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For Release: Thursday, December 10, 2020

DEC Environmental Conservation Police Officer Highlights

Recent ECO Actions

New York State Department of Environmental Conservation (DEC) Environmental Conservation Police Officers (ECOs) enforce the 71 Chapters of NY Environmental Conservation Law (ECL), protecting fish and wildlife and preserving environmental quality across New York. In 2019, the 288 ECOs across the state responded to 25,704 calls and worked on cases that resulted in 16,855 tickets or arrests for crimes ranging from deer poaching to solid waste dumping, illegal mining, the black market pet trade, and excessive emissions violations.

Two-thousand-and-twenty marks 50 years for DEC and 140 Years for New York's Conservation Police Officers. In 1880, the first eight Game Protectors proudly began serving to protect the natural resources and people of New York State.

"From Montauk Point and Brooklyn to Buffalo, the ECOs patrolling our state are the first line of defense in protecting New York's environment and our natural resources, ensuring that they exist for future generations of New Yorkers," said DEC Commissioner Basil Seggos. "Our ECOs have worked arduous hours, both deep in our remote wildernesses and in the tight confines of our urban landscapes, for far longer than the 50 years since DEC was created. These officers are critical to achieving DEC's mission to protect and enhance our environment and I am confident they will continue this important mission for the next 50 years and beyond."

If you witness an environmental crime or believe a violation of environmental law occurred, please call the DEC Division of Law Enforcement hotline at 1-844-DEC-ECOS (1-844-332-3267).

Help for Injured Hawk - New York County
On Dec. 2, ECO McCarthy responded to an injured Cooper's Hawk on a rooftop of NewYork-Presbyterian/Allen Hospital in Manhattan. The juvenile hawk had flown into a glass window and subsequently broke her wing. ECO McCarthy captured the injured hawk and transported it to the Wild Bird Fund where the hawk is being treated by professional rehabilitators and will be released back into the wild.

ECO and hospital staff pose for picture with a hawk wrapped in a pink towel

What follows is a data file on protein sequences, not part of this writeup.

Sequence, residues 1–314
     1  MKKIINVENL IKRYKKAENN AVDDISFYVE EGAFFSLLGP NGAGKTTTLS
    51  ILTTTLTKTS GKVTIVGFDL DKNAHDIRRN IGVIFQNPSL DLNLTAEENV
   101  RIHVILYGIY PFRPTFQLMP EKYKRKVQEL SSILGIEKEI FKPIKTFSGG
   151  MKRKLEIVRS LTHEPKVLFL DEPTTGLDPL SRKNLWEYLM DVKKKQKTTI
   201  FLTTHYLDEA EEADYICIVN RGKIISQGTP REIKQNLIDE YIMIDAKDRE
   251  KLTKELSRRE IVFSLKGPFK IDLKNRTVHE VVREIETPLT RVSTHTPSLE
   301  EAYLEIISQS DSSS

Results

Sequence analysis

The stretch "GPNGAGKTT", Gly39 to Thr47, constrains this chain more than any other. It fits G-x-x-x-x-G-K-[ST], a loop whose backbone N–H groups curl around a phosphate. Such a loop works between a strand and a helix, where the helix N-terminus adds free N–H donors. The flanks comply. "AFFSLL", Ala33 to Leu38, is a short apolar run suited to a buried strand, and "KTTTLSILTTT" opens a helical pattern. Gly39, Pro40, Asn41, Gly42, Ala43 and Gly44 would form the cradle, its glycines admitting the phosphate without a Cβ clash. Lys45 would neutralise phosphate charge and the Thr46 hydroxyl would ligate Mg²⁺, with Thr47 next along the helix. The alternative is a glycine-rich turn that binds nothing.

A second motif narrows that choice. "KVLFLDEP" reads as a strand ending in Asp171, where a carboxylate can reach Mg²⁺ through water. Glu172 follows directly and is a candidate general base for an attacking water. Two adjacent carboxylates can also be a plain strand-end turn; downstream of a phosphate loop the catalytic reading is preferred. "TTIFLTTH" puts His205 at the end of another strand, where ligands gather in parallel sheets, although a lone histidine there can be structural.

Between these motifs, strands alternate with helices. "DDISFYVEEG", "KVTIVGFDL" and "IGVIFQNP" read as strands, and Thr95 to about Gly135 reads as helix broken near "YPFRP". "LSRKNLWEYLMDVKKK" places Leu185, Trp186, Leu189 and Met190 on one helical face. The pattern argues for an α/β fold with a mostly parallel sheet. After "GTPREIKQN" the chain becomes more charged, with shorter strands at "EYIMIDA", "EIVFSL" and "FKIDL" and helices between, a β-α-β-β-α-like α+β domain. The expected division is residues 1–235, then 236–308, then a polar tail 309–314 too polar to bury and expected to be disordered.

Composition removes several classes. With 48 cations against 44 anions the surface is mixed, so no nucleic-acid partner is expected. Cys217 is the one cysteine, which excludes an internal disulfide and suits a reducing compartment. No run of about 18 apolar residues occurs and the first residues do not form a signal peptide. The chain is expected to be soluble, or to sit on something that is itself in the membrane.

ECO McCarthy and hospital staff with juvenile hawk

Trapped Coyote - Putnam County
On Dec. 3, ECO Franz was on patrol in Putnam County when he received a call about an injured coyote stuck underneath a State Department of Transportation truck. The ECO arrived at the location and met with the caller and New York State Police personnel already on scene. Underneath the truck, between two rear tires, was an injured coyote too frightened to move. ECO Franz used his catchpole to coax the animal out from under the truck. The coyote quickly scampered off into a nearby wooded area and is expected to recover.

ECO kneeling under large vehicle attempting to rescue a coyote
ECO Franz rescuing an injured coyote

Connecticut Deer Seized to Protect Against CWD Spread - Dutchess County
On Dec. 4, ECO Eyler questioned a hunter about details of a buck he had posted on a social media site. The hunter reported that the deer was harvested in Connecticut, just over the state border, and brought the ECO to the deer hanging in his brother's shed about a mile way. The deer was hanging in the shed, replete with a Connecticut Deer tag and half gutted. ECO Eyler informed the hunter of DEC's Chronic Wasting Disease (CWD) regulations that prohibit the transportation of white-tailed deer in this condition to New York State. The ECO gave the hunter a summons and took the deer to be incinerated.

In addition to following up on tips like this one provided to DEC, ECOs are conducting checkpoints this hunting season on roadways in communities along the state border to help keep Chronic Wasting Disease (CWD) out of New York. Officers check hunters returning from an out-of-state hunt with a carcass of a deer, moose, elk, or other cervid known to carry CWD because hunters are required to follow State regulations that prohibit the transportation of certain parts of the carcass into New York. DEC allows the following parts of the carcass to be transported into the State: deboned meat; cleaned skull cap; antlers with no flesh; raw or processed cape or hide; cleaned teeth or lower jaw; and finished taxidermy products. Additional information about CWD can be found at DEC's website.

ECO poses next to vehicle with confiscated, deceased deer
Confiscated Connecticut deer

ECO stands in the road at a deer check station
ECO Crisafulli at CWD checkpoint in Brewster last month

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